Why Your Flight Keeps Getting Canceled

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Why Your Flight Keeps Getting Canceled
Problems within the aviation industry have caused many flights to be delayed or canceled, leaving many travelers frustrated and stranded.

Tens of thousands of last-minute flight delays or cancellations have been happening this year. Maybe you’ve experienced one yourself. But what you may not know is that these cancellations are a result of old problems within the aviation industry that are just now boiling over — problems that date back decades, which COVID then turned into a crisis.  

And all of it has led to the industry-wide pilot shortage we’re seeing today.  

Henry Harteveldt is a travel industry analyst at Atmosphere Research Group.  

"COVID absolutely knocked the airline industry on its side. And as a result, it has contributed to this pilot shortage that exists that airlines are now working very hard to recover from," Harteveldt said. 

Now, airlines have faced similar shortages before. They first saw a major hiring freeze and job cuts back in 2001. The September 11 attacks grounded flights across the country. The industry wasn’t profitable again until 2006, and during that five-year period, the losses grew to over $60 billion. Over the next decade, airlines weathered bankruptcies, mergers, and, of course, the great recession in 2008. By 2018, four airlines controlled about 75% of the market, while many others shut down. Airline employment still hasn't recovered to its peak in early 2001. 

And pilots, as you may have guessed, are not an easy role to replace.  

"You have to get 1,500 hours of flight experience, which starts as becoming a private pilot. Then you can get other pilot licenses. It can take approximately three years, maybe more, for someone to go from no experience to getting the experience they need to become an air transport pilot and can cost $100,000 or more in training," Harteveldt said. 

As new pilots still go through years of training, older pilots are aging out of their roles. The Federal Aviation Administration mandates retirement for commercial airline pilots at the age of 65. That law was passed in 2007 to move the limit from 60 up to 65, hoping to make up for the shortage at the time. There’s already been discussion of moving it again. But Secretary of Transportation Pete Buttigieg has stated that isn’t the Biden administration’s focus.  

"The answer is not to keep the baby boomer generation in the cockpit indefinitely. The answer is to make sure that we have as many and as good pilots ready to take their place, to have a stronger pipeline," Buttigieg said. 

For the pilots that are in the air, covering for the short staff has taken its toll. 

To meet the sudden surge in demand for travel over the last two years, airlines have been overscheduling flights that they just don’t have staff for. Pilot unions from both the U.S. and abroad have raised alarms over burnout and fatigue. For example, several European Trade Groups publicly criticized the CEO of Hungarian Airline Wizz Air for discouraging staff from calling in sick because of fatigue.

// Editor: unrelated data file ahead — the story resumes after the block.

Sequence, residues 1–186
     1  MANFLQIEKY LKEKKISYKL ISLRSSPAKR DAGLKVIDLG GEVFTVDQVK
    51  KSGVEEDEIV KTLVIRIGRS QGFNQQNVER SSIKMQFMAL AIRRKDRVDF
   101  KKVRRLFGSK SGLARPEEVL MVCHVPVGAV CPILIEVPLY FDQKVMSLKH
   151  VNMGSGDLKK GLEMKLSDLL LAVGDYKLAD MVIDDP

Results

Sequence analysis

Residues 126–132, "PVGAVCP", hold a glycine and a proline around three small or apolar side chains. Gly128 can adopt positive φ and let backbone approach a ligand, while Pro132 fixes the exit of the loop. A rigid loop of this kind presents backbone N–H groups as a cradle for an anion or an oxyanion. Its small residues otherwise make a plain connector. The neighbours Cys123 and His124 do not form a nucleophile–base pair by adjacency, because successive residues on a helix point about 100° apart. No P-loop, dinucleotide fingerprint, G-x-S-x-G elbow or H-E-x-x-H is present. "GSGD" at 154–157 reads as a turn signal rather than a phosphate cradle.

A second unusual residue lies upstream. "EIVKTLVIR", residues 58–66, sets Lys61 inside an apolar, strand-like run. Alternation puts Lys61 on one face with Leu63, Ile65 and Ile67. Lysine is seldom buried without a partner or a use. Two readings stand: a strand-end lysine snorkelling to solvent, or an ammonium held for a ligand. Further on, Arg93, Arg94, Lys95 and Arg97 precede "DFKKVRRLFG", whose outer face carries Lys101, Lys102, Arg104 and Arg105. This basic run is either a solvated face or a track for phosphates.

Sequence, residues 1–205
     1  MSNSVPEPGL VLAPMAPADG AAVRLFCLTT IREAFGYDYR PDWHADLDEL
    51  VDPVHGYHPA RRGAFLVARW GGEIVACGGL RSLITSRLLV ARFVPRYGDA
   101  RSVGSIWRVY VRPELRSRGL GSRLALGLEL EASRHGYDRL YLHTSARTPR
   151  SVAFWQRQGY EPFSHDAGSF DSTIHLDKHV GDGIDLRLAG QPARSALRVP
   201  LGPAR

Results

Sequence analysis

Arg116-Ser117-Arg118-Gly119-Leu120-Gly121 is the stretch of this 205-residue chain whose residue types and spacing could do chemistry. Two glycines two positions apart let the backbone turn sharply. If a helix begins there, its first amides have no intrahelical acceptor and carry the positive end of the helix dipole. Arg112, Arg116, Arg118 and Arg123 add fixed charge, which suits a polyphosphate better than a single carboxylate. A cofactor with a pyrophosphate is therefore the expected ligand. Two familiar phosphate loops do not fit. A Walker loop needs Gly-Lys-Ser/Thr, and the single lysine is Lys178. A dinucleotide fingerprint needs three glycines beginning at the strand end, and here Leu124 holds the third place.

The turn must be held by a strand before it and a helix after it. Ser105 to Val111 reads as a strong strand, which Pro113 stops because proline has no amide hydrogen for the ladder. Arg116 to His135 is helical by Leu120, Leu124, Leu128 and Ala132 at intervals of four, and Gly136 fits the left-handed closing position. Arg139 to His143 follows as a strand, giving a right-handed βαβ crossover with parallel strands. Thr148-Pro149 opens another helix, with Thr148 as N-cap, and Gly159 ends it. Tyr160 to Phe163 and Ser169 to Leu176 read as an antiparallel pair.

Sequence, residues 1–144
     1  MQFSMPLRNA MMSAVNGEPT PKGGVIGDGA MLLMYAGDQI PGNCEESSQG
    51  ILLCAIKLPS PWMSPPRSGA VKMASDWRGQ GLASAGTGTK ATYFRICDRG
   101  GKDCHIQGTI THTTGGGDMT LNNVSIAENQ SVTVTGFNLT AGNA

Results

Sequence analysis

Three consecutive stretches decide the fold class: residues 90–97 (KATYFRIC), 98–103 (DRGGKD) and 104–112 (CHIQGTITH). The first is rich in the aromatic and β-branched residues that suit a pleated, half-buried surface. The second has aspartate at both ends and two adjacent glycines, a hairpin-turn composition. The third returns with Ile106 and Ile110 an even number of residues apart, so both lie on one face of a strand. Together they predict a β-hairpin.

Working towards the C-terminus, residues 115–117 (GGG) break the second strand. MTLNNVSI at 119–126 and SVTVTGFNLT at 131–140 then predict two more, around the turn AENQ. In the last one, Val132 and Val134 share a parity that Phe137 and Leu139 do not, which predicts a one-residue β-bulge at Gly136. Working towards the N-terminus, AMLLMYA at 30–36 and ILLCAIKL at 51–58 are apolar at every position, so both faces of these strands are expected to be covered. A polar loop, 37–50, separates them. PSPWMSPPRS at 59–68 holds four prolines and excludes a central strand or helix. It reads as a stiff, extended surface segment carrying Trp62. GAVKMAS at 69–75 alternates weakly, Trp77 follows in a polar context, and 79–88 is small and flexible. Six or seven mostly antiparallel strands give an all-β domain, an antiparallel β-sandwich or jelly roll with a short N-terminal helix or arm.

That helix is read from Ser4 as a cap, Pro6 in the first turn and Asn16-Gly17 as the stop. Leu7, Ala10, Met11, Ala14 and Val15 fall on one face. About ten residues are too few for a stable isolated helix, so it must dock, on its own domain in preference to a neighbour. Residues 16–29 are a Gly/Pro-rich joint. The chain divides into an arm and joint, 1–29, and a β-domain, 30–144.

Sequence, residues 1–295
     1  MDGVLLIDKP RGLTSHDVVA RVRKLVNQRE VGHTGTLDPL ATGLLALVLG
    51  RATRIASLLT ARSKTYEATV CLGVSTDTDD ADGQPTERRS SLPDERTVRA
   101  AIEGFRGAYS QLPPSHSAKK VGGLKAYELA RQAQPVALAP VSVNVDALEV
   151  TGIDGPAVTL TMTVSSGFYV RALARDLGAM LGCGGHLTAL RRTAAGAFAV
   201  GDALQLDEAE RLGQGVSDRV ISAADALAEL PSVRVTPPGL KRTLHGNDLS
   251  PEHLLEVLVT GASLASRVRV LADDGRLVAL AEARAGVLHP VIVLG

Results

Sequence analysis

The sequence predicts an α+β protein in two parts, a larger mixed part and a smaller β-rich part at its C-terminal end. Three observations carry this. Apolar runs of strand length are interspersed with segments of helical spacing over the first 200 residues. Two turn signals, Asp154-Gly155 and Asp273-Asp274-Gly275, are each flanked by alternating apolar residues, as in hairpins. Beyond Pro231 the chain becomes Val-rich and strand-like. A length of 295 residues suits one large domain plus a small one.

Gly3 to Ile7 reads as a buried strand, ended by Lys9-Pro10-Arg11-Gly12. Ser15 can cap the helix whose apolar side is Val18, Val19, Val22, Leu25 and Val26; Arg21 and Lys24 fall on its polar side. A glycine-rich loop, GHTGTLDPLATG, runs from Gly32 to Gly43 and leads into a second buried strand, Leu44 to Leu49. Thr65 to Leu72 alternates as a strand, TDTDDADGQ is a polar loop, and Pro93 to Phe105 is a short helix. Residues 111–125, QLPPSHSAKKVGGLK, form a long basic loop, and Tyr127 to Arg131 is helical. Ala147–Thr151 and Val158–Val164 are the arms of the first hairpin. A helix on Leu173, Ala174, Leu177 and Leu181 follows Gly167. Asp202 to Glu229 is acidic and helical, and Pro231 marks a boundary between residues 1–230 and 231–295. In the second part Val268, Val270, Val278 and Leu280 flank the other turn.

"We are all fatigued, but sometimes it is required to take the extra mile," said József Váradi, CEO of Wizz Air 

"So the FAA requires pilots to have a minimum of 10 hours of rest a night between their last trip of the day and their first trip of the next day. The pilots who are working say that they are working longer hours, they are tired and they are concerned about fatigue. And that is legitimate. You know, you don't want a tired pilot getting behind the wheel at the controls of a plane," Harteveldt said. 

Unions are hoping the shortage will help pilots secure higher wages and more protections against things like burnout. 

For example, major German airliner Lufthansa just saw a major strike just this week during a dispute over wages. Pilots and ground staff organized a mass walkout, which caused thousands of cancellations on Wednesday. 

And meanwhile, in the U.S., these talks have been dragging on for years. The negotiation process for pilots is unusually complicated, and it’s very difficult for pilots to legally strike in the U.S. The federal government can prevent strikes and labor disputes that would interrupt interstate commerce. And that includes transit workers.  

So, the pilot shortage is far from a quick fix: It’s the result of a perfect storm of factors. And the fallout from COVID exacerbated the crisis — from the initial billions in losses and massive job cuts, to the sudden rebound in demand, to the thousands of airline staff members catching COVID during surges.  

But now that industry problems have trickled down to consumers, and caused widespread flight chaos, there might finally be some momentum to address the roots of the problem.  

"And you have many parts of the air transport industry that are all working to rebuild themselves. It's not just Humpty Dumpty that has fallen off the wall and is trying to put himself back together. It's a whole carton of eggs," Harteveldt said.